• 2013-01-25 21:01:38 UTC - 21:01 | Permalink

                “if a mythicist is found in a teaching position, then it is only right to sack him, as mythicism is false.”

                When have I said any such thing? As it happens, I might have a teaching vacancy coming up in my (non-faith) school. For the record, any mythicists with the necessary teaching qualifications are more than welcome to apply!

              • 2013-01-25 22:24:03 UTC - 22:24 | Permalink

                How would you know if someone with the necessary teaching qualifications was or was not a mythicist?

              • 2013-01-25 23:20:02 UTC - 23:20 | Permalink

                Hairy palms. Eyes too close together. Howling at the moon. The usual symptoms.

                I’m joking of course. I wouldn’t know, unless it came up in conversation or I saw the name “Steven Carr” on an applicant’s CV. What’s your point?

  • 2013-01-23 15:37:15 UTC - 15:37 | Permalink

    ‘According to documents seen by the Irish Sun, the veteran scholar was also banned from any lecturing, teaching or writing while a probe is under way.’

    Wow! What did he do to upset the Catholic church and get them to act so quickly? Molest a child or something?

    • 2013-01-23 20:43:25 UTC - 20:43 | Permalink

      In the 1980s, the Brazilian liberation theologian Leonardo Boff was placed under a similar interdict by Joseph Ratzinger, then head of the Sacred Congregation for the Doctrine of the Faith (the Inquisition) for his book Jesus Christ Liberator.

      This censorship of Boff by Ratzinger became a public scandal. Perhaps the media could comprehend a Marxist analysis of Jesus Christ in terms of class struggle with Jesus cast in the role of communist revolutionary.

      It seems Brodie’s mythicist interpretation of Jesus Christ as fiction is too incomprehensible for the general public, in view of the scale of psychological delusion it suggests in the invention of the Gospels. Given the widespread acceptance that the Jesus story is based on fact, denying Jesus challenges some big central assumptions and meets intense emotional resistance from believers. If the media and the public cannot cope with the mind-bending idea that Jesus was invented, the Brodie case will be ignored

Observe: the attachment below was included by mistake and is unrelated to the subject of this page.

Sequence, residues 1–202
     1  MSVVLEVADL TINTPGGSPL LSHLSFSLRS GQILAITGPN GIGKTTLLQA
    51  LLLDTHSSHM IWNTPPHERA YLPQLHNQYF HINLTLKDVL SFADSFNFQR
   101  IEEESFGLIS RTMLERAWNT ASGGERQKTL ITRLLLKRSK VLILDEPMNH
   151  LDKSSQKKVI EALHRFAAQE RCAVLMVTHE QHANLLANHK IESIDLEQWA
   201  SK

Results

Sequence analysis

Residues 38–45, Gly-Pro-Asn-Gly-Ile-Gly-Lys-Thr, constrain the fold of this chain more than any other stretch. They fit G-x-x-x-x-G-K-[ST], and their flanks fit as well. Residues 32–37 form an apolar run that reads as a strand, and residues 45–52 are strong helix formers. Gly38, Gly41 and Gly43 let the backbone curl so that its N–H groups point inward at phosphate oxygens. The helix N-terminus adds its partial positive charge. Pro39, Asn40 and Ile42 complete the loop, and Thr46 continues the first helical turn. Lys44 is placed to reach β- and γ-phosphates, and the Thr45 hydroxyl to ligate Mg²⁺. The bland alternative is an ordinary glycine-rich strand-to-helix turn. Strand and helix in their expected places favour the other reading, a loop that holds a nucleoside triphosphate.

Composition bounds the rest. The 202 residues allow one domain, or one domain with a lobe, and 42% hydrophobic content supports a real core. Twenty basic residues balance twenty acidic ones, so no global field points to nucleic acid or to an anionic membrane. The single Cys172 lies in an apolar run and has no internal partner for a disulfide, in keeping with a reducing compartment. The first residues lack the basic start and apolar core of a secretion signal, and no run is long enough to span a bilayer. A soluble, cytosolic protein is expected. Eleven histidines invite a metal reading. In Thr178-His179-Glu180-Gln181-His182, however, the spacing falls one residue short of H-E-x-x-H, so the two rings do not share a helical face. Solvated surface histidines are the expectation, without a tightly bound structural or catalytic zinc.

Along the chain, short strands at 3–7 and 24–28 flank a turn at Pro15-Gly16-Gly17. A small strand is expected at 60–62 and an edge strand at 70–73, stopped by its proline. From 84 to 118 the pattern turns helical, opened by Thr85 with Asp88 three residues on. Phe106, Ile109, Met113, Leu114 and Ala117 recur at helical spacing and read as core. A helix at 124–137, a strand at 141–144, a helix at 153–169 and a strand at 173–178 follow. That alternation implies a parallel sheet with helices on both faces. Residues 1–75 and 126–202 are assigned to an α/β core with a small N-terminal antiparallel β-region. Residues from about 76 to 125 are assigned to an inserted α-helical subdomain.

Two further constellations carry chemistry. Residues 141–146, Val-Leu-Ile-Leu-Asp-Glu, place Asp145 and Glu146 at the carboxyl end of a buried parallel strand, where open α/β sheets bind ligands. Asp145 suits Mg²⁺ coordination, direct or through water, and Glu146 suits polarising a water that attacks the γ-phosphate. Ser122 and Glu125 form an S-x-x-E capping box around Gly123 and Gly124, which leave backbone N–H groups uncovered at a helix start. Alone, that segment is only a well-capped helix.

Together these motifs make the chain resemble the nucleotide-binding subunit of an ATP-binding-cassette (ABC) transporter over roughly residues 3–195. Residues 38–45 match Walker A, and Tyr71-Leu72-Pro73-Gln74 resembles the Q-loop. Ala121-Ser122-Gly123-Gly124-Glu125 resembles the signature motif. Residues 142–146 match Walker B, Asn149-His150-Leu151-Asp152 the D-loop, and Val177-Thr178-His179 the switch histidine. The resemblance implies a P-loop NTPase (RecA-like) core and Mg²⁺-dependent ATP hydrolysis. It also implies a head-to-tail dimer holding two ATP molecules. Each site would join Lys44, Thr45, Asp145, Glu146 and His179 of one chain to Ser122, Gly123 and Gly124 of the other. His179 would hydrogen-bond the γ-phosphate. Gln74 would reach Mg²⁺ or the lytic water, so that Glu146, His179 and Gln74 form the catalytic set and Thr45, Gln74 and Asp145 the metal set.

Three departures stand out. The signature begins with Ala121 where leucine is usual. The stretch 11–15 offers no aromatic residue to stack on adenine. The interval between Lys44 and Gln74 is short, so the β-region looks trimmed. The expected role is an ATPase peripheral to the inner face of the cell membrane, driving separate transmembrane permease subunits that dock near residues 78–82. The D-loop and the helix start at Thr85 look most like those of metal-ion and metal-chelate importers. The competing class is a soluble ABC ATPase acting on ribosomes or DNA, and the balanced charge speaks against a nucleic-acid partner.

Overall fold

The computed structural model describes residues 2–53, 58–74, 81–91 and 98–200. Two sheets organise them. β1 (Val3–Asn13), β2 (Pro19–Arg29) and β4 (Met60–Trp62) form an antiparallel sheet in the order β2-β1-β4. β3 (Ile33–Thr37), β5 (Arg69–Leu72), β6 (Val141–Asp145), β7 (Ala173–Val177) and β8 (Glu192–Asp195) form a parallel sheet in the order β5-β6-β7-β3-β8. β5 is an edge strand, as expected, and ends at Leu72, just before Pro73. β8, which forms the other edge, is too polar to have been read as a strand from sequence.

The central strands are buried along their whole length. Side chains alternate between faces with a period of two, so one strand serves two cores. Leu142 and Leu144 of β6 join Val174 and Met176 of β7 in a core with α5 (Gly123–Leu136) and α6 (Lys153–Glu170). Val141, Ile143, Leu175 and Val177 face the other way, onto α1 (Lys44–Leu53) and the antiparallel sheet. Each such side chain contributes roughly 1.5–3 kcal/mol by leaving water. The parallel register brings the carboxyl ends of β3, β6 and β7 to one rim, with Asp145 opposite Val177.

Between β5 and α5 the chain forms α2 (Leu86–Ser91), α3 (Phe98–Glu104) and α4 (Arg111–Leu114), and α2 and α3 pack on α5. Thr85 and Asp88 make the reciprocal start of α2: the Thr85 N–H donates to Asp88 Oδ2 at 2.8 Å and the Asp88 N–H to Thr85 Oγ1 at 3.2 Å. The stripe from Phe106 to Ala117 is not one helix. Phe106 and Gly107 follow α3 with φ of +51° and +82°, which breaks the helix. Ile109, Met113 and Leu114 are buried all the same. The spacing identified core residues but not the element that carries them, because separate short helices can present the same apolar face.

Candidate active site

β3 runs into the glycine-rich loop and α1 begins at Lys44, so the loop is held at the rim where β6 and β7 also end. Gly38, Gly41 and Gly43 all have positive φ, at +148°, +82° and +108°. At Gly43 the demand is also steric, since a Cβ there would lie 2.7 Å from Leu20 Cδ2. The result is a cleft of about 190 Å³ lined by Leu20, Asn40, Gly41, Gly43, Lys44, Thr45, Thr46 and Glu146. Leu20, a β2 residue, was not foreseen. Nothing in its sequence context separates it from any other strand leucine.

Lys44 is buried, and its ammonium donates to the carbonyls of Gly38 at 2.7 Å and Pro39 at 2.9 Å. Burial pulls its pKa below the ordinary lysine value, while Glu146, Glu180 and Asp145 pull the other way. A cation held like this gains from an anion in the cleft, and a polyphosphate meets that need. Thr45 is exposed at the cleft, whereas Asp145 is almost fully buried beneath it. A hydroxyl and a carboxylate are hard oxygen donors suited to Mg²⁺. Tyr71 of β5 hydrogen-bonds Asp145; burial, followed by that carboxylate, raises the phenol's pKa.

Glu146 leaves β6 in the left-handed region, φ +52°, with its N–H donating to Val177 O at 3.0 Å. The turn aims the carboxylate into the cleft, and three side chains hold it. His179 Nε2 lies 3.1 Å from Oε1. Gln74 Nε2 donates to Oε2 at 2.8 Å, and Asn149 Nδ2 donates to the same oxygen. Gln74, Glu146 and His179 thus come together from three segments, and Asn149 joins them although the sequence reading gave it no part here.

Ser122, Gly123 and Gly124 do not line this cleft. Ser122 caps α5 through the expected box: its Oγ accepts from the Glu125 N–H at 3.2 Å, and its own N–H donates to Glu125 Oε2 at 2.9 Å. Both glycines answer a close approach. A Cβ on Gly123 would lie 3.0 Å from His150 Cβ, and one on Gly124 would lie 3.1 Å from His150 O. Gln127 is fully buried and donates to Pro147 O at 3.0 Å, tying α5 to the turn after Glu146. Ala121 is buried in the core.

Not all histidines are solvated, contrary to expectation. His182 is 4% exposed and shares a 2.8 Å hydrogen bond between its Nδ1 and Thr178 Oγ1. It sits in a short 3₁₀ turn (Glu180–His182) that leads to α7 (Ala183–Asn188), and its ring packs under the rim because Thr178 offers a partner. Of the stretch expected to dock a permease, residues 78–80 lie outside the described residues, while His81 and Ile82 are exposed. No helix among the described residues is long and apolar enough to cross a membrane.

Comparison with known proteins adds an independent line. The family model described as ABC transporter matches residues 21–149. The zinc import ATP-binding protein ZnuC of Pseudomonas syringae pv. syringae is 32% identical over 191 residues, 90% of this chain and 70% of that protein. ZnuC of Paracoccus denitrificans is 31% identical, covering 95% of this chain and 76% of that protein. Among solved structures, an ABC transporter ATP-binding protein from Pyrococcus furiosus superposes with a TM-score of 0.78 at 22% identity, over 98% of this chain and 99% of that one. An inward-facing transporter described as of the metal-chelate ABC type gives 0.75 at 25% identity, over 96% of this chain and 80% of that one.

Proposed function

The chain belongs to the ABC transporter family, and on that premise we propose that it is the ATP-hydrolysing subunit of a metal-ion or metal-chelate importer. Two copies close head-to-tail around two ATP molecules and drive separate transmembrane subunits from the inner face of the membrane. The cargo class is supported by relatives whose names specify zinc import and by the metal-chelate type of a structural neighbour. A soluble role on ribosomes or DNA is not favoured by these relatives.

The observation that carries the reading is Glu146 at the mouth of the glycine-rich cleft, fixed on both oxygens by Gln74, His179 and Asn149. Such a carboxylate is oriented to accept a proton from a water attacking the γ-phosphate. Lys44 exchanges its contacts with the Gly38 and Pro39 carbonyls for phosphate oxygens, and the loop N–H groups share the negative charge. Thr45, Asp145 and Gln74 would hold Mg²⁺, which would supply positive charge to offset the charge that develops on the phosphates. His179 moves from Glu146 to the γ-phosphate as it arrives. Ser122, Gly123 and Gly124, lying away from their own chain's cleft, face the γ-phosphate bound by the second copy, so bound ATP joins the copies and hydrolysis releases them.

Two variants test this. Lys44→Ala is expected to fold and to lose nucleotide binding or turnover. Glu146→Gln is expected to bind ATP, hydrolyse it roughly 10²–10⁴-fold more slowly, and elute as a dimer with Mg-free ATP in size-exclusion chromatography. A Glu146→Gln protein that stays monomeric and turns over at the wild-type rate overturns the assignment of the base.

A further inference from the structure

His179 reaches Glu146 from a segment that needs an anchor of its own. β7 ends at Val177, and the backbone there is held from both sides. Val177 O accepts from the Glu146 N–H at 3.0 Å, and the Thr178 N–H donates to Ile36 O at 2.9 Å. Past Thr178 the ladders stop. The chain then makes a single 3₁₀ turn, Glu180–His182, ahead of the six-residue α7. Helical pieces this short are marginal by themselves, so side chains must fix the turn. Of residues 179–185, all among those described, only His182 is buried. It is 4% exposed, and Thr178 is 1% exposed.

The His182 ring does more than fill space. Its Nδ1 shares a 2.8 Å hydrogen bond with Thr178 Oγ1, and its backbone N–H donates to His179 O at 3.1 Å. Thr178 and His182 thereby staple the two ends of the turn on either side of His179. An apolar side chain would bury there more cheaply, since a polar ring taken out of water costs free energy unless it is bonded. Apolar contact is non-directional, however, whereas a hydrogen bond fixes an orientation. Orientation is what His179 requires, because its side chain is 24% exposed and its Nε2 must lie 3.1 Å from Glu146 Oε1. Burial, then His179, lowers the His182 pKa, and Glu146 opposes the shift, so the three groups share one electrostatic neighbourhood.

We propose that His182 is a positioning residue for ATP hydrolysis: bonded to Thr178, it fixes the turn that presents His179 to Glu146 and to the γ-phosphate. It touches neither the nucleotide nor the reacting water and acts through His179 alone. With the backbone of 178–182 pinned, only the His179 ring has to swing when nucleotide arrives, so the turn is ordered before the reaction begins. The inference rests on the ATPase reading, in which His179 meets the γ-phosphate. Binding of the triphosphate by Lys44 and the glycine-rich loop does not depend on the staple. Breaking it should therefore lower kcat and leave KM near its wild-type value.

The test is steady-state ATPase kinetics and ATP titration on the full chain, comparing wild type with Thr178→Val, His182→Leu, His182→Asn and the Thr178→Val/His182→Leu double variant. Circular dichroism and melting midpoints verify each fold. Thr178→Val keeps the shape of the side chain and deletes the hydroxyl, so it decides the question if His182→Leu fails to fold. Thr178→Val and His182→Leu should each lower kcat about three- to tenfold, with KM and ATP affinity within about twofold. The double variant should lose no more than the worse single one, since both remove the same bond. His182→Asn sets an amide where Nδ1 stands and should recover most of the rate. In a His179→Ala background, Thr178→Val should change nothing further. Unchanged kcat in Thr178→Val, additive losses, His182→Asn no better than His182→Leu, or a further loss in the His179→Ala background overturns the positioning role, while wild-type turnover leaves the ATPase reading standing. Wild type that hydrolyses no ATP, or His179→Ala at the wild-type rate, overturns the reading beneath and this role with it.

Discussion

• Will
      2013-01-24 06:35:03 UTC - 06:35 | Permalink

      if he would have molested a kid the church wouldn’t have fired him.. they would have transfered him.

      • Ed-M
        2013-01-25 06:13:45 UTC - 06:13 | Permalink

        Or if he covered up for pedophile predator priests, promoted him to a cushy job… even the Office of the Pope!

  • 2013-01-23 18:51:02 UTC - 18:51 | Permalink

    Inevitable, of course! Uta Ranke-Heinemann, Ph. D., daughter of former German President Gustav Heinemann, in her young years living with the Bultmann family, in the 1950s co-student and even friend of a certain Ratzinger (now Benedict) at Munich University, lost the ‘venia legendi’ for interpreting the Virgin-Birth story of Jesus symbolically. What then in Catholic Inquisition (Dominicans!!) to do with deniers of any historicity at all ?!!
    Poor optimistic Edwin Johnson wrote more than a century ago:
    “Unfortunately, so long as the impatient popular mind insists on begging the questions of history in its own favour, so long will ecclesiastics of ability be found to respond to the demand, and the corruption of intelligence must go on. Happily, we approach, if we have not already arrived at, a time when at least the same degree of freedom and candour that obtains in societies of men of science and letters will be encouraged, under the like conditions, in ecclesiastical communities.”